Sustainable Water Management In Kuwait: Current Situation And Possible Correctional Measures
Free (open access)
Volume 13 (2018), Issue 3
425 - 435
A. MUKHOPADHYAY & A. AKBER
Kuwait, an arid country, has no surface source of useable water. It mainly depends on desalination plants for its freshwater needs. Brackish groundwater (salinity <5000 ppm) is used for irrigation and mixing with desalinated water. At the current rate of increase in demand for freshwater, large investment is necessary at close intervals to augment the desalination capacity of the country. With very little natural replenishment, the aquifers yielding the brackish water are also under great stress. Management of both supply and demand is necessary to solve these problems. In addition to the increase in desalination capacity, supply may be augmented by the increased use of renovated wastewater, storage of seasonally higher supply of usable water in the aquifers through artificial recharge, establishment of integrated water transport network through the Gulf Cooperation Council (GCC) countries and exploration of new useable groundwater resources both onshore and offshore. Possible new sources of water are harvesting of rain-fall runoff in the wadis and depressions and runoff carried by the storm water network within the urban areas, moisture recovery from the vadose zone, and the paleo-groundwater possibly preserved under the Arabian Gulf. Demand may be curbed through maintaining lower pressure in the water network and some form of rationing, reduction of network loss through adoption of appropriate measures, implementation of updated water code that will help in saving water, control of population through tighter immigration measures and reduction in government subsidy. Finally, water authorities should take steps to increase public awareness about all aspects of water management outlined before in real earnest.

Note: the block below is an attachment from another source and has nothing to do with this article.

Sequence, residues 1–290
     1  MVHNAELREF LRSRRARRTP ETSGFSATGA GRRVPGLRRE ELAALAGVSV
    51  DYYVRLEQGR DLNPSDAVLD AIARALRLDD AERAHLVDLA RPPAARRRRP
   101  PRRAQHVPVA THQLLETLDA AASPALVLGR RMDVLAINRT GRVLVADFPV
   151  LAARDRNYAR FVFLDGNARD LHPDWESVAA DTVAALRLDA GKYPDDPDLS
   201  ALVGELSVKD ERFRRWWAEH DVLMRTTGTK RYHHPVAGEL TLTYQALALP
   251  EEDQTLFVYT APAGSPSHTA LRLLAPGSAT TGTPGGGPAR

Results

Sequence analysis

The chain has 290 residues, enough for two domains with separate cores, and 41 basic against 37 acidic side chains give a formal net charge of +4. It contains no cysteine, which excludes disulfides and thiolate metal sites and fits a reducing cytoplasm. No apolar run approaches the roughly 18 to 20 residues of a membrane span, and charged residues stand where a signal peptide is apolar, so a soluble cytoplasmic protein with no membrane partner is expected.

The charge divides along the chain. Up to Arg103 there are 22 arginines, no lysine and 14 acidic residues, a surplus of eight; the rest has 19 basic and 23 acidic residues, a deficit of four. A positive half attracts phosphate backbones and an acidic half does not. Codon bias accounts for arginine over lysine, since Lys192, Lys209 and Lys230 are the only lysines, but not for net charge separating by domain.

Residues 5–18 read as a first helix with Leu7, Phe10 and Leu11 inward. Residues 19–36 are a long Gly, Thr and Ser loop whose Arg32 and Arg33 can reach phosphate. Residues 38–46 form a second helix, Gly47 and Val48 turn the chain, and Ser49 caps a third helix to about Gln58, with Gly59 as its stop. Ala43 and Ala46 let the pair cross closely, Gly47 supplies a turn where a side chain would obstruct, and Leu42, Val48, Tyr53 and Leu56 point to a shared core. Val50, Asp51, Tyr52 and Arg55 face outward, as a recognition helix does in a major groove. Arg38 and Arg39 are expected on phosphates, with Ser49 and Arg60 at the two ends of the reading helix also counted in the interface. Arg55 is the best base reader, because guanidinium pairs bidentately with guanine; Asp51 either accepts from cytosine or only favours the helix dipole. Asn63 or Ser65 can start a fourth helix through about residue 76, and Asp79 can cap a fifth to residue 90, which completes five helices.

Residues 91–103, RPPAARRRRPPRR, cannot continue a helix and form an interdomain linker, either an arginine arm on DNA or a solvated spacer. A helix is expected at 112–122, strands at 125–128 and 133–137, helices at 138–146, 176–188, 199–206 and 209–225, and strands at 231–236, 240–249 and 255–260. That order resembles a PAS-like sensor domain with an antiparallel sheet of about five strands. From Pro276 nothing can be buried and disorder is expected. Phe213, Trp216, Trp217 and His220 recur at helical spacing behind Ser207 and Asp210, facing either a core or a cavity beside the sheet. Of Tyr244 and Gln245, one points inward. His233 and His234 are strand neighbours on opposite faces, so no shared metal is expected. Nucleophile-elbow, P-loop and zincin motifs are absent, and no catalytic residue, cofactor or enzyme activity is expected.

artificial recharge, brackish water, desalinated water, groundwater, runoff harvesting, wastewater